However, some companies don’t wait to check whether the scandal directly pertains to an athlete’s on-field antics. Legendary swimmer Michael Phelps was dropped by American cereal brand Kellogg after a photo of him allegedly smoking marijuana went viral.
The veracity of an allegation
Sometimes a brand may refrain from making any drastic decision if the scandal is based on an allegation that lacks concrete evidence. When Cristiano Ronaldo was subject of a rape allegation in 2018, Nike chose to stick by him, saying there would “closely monitor the situation”. EA Sports, however, did decide to not follow in Nike’s footsteps, and pulled Cristiano’s image from the major adverts of its then FIFA instalment, FIFA 19.
Brand’s contract with the athlete
In many cases, especially if the scandals are based on allegations, the brands asses the nature of their running contract with the athlete, the severity of the allegation, and the amount of money they would stand to lose before making any decision. Case in point, Nike’s relationship with Neymar had become strained over the past few years as the Brazilian footballer was not only subject of tax fraud allegations, but also rape. While they “expressed deep concern” and stuck by him in the moment, they eventually decided not to renew his contract, as Neymar went on to sign with Puma.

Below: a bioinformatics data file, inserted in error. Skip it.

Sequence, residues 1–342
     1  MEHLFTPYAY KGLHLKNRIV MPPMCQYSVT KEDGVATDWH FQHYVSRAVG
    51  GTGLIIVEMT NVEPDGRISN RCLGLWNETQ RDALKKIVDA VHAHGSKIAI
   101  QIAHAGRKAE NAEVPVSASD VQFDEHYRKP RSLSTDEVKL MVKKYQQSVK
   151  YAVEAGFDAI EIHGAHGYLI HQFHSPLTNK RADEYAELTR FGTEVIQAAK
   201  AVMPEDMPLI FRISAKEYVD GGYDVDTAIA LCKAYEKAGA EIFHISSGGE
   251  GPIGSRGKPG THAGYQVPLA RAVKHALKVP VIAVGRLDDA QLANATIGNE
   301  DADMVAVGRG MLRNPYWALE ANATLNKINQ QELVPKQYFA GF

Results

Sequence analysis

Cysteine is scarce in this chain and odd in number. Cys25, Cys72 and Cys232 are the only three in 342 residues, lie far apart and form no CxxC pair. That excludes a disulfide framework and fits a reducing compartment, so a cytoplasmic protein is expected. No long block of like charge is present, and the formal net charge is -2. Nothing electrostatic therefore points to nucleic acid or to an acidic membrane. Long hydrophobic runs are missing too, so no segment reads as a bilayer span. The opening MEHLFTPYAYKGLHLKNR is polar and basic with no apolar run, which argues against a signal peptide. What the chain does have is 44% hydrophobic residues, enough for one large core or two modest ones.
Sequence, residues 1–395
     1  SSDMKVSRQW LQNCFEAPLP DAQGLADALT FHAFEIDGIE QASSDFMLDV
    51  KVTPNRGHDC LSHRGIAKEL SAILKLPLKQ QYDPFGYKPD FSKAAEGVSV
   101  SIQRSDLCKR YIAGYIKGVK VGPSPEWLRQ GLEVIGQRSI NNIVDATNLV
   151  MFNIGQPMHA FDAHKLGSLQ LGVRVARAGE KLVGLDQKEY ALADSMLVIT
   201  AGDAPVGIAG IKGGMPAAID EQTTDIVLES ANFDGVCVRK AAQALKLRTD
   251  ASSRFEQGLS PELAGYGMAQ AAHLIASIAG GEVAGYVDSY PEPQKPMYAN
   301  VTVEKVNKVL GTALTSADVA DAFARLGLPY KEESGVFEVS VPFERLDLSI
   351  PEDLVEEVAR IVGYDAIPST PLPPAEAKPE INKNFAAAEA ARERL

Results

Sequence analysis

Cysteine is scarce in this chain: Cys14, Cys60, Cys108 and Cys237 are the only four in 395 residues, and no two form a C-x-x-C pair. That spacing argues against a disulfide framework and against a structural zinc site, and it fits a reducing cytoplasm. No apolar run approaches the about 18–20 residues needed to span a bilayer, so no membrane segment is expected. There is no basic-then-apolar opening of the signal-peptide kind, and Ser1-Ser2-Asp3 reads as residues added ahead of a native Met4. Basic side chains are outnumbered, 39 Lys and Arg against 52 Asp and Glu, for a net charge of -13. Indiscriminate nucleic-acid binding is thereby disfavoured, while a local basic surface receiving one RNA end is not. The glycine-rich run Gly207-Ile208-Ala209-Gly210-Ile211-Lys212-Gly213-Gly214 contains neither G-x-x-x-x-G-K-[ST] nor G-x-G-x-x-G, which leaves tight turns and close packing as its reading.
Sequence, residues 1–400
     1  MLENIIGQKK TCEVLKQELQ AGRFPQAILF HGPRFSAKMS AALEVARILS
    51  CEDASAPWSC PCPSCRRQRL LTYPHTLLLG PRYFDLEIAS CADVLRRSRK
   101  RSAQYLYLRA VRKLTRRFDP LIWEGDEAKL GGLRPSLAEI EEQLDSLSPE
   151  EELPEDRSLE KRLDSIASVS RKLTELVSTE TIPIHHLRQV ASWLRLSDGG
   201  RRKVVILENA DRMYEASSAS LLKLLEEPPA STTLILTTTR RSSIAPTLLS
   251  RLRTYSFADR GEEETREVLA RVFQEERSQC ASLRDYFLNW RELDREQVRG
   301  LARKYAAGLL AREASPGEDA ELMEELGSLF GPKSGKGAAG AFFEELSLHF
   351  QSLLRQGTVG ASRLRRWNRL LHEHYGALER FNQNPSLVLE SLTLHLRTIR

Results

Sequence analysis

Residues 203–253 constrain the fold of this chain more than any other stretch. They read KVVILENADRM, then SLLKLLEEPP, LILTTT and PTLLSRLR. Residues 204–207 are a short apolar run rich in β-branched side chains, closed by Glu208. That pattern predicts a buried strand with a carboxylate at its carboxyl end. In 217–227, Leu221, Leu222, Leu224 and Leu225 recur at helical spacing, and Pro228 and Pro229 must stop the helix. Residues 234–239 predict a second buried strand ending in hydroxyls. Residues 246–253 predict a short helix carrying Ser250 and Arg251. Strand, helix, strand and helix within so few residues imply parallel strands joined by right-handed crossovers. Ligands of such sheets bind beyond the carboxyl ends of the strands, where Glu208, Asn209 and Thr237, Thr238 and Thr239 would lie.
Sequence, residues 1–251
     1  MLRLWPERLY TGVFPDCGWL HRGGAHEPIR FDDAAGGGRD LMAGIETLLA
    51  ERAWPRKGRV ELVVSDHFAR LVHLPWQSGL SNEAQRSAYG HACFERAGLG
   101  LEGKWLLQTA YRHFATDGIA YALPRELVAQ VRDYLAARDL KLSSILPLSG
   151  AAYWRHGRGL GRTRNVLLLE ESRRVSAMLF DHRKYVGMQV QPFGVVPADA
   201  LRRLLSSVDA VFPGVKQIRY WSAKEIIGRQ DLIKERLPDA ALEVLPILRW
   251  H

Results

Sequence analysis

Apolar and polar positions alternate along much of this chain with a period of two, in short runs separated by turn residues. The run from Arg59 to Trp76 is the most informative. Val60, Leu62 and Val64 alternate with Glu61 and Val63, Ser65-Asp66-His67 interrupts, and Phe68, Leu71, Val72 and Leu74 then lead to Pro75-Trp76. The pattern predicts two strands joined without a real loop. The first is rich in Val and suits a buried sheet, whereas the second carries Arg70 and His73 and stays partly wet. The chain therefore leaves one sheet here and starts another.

Here are my five most high-profile athletes whose scandals resulted in massive sponsorship loss.
LANCE ARMSTRONG – Arguably, Armstrong’s downfall goes down as one of the most scandalous ones in history. The seven-time Tour de France champion was stripped of all of his titles in 2012 when the United States Anti-Doping Agency served him a lifetime ban from any professional sporting event governed by the organisation. Armstrong lost his nine major sponsors in 24-Hour Fitness, Anheuser-Busch, Easton-Bell Sports, FRS, Honey Stinger, Nike, Oakley, Radio Shack, and Trek, resulting in a loss estimated to be around US$150 million.
TIGER WOODS – A car-crash followed by a media storm that divulged Woods’ affair plummeted the golfer’s value and reputation within the game. He suffered a US$22m worth of loss and was dropped by Accenture, AT&T, Buick, Gatorade, Gillette, and Tag Heuer, followed by a US$100 million divorce.
KOBE BRYANT – The late basketball legend suffered a massive dent in his reputation in 2003 after a rape allegation saw him lose his sponsorship deals with McDonald’s, Coca-Cola, Nutella, and Spalding. However, Nike stuck by him, and few years later he was soaring to new heights again, both on and off the court.
MIKE TYSON – The late 1980s saw Mike Tyson’s remarkable downfall as multiple incidents of car accidents, alleged suicide attempts, police encounters and accusations of domestic violence and drug abuse from ex-wife Robin Givens meant the legendary boxer would go on to be dropped by Pepsi, Toyota, Kodak, Suntory Beer, USA Today, and Nintendo, and lose a reported US$10.75 million in sponsorship revenue.
OSCAR PISTORIUS – South African Paralympic Champion Oscar Pistorius shot and killed his girlfriend, model Reeva Steenkamp, on 14 February 2013, claiming he mistook her for an intruder. Initially found guilty of culpable homicide that served him a five-year prison sentence, Pistorius was eventually charged with murder and had his sentence increased to thirteen years and five months. Oh, and he lost US$2 million in sponsorship revenue and was dropped by all of his sponsors in Mugler, Nike, Oakley, and Thierry.